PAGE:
It’s exciting to see Shyamalan on such confident footing once more, all these years later.
Swedish comedy "A Pigeon Sat on a Branch Reflecting On Existence" has a very particular style of deadpan humor and an equally specific morbid sense of empathy. As in his previous two films, writer/director Roy Andersson ("Songs from the Second Floor," "You, The Living") presents several thematically-united sketches of life as it's experienced by the meek, and the suffering, two groups of people who are (according to Andersson’s films) doomed to inherit nothing. "A Pigeon Sat on a Branch Reflecting on Existence" is, in that sense, a kind of alarmist comedy. It’s a series of comedic sketches about people who are too self-involved to empathize with each other. It’s also a plaintively blunt wake-up call, and an effective demand for viewers' vigilant sensitivity.
I'm writing this review as a series of direct free-associations because that's essentially how "A Pigeon Sat on a Branch Reflecting On Existence" presents itself. Like Andersson's other recent films, "Pigeon" is a movie that's so viscerally effective that it doesn't really matter how hard individual scenes clobber you over the head with Andersson’s humanist message: by choosing to isolate ourselves from each other, we die a thousand little absurd deaths every day without ever really moving on.
“A Pigeon Sat On a Branch Reflecting on Existence” doesn’t really have a plot, but it does feature two recurring characters: Jonathan (Holger Andersson) and Sam (Nils Westblom) sell novelty items, but aren't very good at it. They're shy and tactless, as we see in any scene where they try to pitch people who could clearly care less about plastic vampire fangs, and rubber Halloween masks. But Jonathan, who is repeatedly teased for being over-sensitive, also suffers from a vague sinking feeling that something is wrong with his life, and that leads to problems with Sam later on.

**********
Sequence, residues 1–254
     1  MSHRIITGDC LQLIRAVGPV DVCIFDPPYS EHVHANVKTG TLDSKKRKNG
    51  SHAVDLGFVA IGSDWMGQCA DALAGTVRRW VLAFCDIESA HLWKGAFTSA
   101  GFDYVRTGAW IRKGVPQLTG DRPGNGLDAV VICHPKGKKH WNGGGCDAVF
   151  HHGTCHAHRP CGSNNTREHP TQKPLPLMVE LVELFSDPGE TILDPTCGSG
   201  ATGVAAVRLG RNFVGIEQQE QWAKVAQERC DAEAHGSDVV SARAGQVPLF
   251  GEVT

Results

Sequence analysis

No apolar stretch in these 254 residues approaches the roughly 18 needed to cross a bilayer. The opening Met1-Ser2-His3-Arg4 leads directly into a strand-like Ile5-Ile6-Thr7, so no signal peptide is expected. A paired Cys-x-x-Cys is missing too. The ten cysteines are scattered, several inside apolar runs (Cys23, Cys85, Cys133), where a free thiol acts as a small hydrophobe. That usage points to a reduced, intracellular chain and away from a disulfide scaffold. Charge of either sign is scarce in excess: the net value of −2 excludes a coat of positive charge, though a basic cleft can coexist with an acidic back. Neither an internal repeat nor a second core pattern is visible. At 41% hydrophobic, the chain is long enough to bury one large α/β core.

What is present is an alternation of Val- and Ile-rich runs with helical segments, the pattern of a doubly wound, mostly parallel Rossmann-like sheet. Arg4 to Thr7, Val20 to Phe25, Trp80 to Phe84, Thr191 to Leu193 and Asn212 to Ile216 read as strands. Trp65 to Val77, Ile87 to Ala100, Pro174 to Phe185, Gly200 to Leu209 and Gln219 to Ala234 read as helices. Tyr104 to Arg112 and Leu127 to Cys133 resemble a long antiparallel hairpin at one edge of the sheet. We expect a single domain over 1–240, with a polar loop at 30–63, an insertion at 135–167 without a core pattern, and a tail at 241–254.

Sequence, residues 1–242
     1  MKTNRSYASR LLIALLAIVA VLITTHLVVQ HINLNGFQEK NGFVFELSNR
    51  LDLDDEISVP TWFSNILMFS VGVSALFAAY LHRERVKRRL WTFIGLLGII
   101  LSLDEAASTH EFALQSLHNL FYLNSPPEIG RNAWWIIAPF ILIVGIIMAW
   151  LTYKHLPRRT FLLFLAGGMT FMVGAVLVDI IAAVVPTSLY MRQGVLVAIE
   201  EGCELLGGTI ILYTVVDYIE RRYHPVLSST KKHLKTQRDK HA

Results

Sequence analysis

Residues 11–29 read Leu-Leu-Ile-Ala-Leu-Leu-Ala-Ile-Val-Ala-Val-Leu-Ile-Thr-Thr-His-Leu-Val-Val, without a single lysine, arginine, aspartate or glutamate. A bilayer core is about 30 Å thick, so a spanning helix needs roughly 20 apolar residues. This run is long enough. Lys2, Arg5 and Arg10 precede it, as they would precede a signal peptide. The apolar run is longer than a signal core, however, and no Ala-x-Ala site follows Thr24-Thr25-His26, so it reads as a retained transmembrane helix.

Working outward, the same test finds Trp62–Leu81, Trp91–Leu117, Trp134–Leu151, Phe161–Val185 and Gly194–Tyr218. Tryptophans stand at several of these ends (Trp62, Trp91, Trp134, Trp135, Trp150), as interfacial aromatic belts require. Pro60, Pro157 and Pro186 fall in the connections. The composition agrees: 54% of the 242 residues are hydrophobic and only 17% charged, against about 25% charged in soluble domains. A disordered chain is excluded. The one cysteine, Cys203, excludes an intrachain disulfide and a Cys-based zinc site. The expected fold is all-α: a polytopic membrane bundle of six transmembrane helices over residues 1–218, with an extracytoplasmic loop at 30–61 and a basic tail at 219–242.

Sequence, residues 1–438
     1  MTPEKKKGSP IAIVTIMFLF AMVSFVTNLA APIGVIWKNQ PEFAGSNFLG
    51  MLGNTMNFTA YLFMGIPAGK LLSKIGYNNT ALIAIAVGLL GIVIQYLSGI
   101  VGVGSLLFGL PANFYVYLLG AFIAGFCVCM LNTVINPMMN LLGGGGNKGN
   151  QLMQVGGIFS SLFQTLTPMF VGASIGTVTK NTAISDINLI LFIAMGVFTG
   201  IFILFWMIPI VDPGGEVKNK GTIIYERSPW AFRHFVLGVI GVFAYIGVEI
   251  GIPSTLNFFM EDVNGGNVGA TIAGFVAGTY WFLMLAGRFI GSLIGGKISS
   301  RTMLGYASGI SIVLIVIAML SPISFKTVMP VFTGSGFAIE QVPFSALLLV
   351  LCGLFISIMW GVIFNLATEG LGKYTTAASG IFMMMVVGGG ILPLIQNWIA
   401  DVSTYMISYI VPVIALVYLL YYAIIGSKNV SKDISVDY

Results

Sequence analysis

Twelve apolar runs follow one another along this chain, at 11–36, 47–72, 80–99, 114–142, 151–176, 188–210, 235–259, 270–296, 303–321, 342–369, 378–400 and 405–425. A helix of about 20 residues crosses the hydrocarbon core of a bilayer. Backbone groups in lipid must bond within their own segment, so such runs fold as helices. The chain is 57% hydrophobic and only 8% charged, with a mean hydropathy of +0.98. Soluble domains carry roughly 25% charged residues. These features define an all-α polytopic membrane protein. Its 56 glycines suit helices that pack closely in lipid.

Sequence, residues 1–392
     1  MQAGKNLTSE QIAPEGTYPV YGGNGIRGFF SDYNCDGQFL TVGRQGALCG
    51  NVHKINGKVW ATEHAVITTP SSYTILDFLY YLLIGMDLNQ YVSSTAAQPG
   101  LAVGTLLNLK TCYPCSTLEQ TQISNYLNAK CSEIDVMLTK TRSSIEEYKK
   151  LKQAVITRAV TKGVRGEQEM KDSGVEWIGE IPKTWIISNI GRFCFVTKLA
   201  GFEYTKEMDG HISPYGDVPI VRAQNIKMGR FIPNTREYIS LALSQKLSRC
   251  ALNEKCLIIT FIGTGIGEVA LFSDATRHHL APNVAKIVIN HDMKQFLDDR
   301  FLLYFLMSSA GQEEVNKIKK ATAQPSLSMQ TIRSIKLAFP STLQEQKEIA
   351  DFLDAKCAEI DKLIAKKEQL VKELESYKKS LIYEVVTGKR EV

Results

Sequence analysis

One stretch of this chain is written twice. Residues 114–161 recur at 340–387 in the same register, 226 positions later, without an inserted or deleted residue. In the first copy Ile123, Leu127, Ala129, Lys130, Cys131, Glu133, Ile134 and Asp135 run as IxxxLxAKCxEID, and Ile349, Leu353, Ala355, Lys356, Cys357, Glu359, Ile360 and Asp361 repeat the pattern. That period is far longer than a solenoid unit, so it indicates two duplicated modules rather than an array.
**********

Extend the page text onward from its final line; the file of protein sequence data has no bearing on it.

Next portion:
To be fair, Jonathan's not completely blameless. In one scene, we see him bullying a store-owner who is too anxious and depressed to address Jonathan and Sam when they demand payment for novelty items that were bought on credit. It's an awkwardly heated argument since Jonathan and Sam have to argue with their client through a third party: the store-owner’s wife. Jonathan and Sam's seeming lack of empathy is what unites them with the various other people in "A Pigeon Sat On a Branch Reflecting on Existence." Several characters receive phone calls that lead them to miss whatever situation is happening right in front of their eyes, like the callous scientist who ignores a monkey she's performing electroshock therapy on or the desperate barber who doesn’t see his reluctant (and only) client leaving his barber shop. Each time this happens, the person on the phone ironically says "I'm glad that you're doing fine," reminding viewers that the opposite is actually true, and that a state of un-fine-ness is actually what passes for normalcy in Andersson’s film.
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